Pigeon Plum
Coccoloba diversifolia

Family: Polygonaceae
Genus: Coccoloba (koh-koh-LOW-buh) (Info)
Species: diversifolia (dy-ver-sih-FOH-lee-uh) (Info)
Synonym:Coccoloba floridana
Synonym:Coccoloba laurifolia

Category:

Perennials

Shrubs

Trees

Tropicals and Tender Perennials

Foliage Color:

Unknown - Tell us

Bloom Characteristics:

This plant is attractive to bees, butterflies and/or birds

Water Requirements:

Requires consistently moist soil; do not let dry out between waterings

Where to Grow:

Unknown - Tell us

Height:

30-40 ft. (9-12 m)

Spacing:

Unknown - Tell us

Hardiness:

USDA Zone 9a: to -6.6 C (20 F)

USDA Zone 9b: to -3.8 C (25 F)

USDA Zone 10a: to -1.1 C (30 F)

USDA Zone 10b: to 1.7 C (35 F)

USDA Zone 11: above 4.5 C (40 F)

Sun Exposure:

Full Sun

Sun to Partial Shade

Light Shade

Danger:

Unknown - Tell us

Bloom Color:

Pale Green

White/Near White

Inconspicuous/none

Bloom Time:

Late Spring/Early Summer

Foliage:

Leathery-Textured

Other details:

Unknown - Tell us

Soil pH requirements:

Unknown - Tell us

Patent Information:

Non-patented

Propagation Methods:

From seed; direct sow after last frost

Seed Collecting:

Allow unblemished fruit to ripen; clean and dry seeds

Regional

This plant has been said to grow in the following regions:

Big Pine Key, Florida

Boca Raton, Florida

Jupiter, Florida

Kissimmee, Florida

Lake Worth, Florida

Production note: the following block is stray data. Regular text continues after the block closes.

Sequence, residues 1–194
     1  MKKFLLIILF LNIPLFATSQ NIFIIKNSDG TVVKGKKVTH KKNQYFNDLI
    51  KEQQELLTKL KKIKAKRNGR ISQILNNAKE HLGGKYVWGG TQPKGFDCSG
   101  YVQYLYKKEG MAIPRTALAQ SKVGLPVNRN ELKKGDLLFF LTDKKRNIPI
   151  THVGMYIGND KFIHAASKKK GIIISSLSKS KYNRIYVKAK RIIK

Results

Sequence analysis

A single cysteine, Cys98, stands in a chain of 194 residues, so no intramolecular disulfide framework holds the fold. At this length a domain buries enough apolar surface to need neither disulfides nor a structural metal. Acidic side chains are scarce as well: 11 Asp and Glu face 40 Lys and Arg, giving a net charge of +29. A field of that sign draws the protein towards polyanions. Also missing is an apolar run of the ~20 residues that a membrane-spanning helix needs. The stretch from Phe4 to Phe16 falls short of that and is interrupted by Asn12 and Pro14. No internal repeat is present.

Miami, Florida

North Palm Beach, Florida

Oldsmar, Florida

Sarasota, Florida

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Gardeners' Notes:

1
positive
0
neutrals
0
negatives
RatingContent
Positive

On Jan 23, 2005, NativePlantFan9 from Boca Raton, FL (Zone 10a) wrote:

Pigeon Plum or Tietongue (Coccoloba diversifolia) is a superb shrub or tree that is a member of the Buckwheat family (Polygonaceae, genus Coccoloba). It is native to the tropical hardwood hammocks and coastal habitats in sun or partial to light shade in coastal central and southern Florida, south through the Keys into the Caribbean. It is a superb small to medium tree for wildlife that benefits wildlife by providing food and shelter. The berries, which are green when not ripe and blackish-purplish or purplish when ripe, are loved by birds and other wildlife. The bark often has many scratches on it from animals, which sharpen their claws or teeth by scratching them against the bark of the Pigeon Plum, which benefits them by helping them remain healthy. In Florida, it is found in coastal cen... read more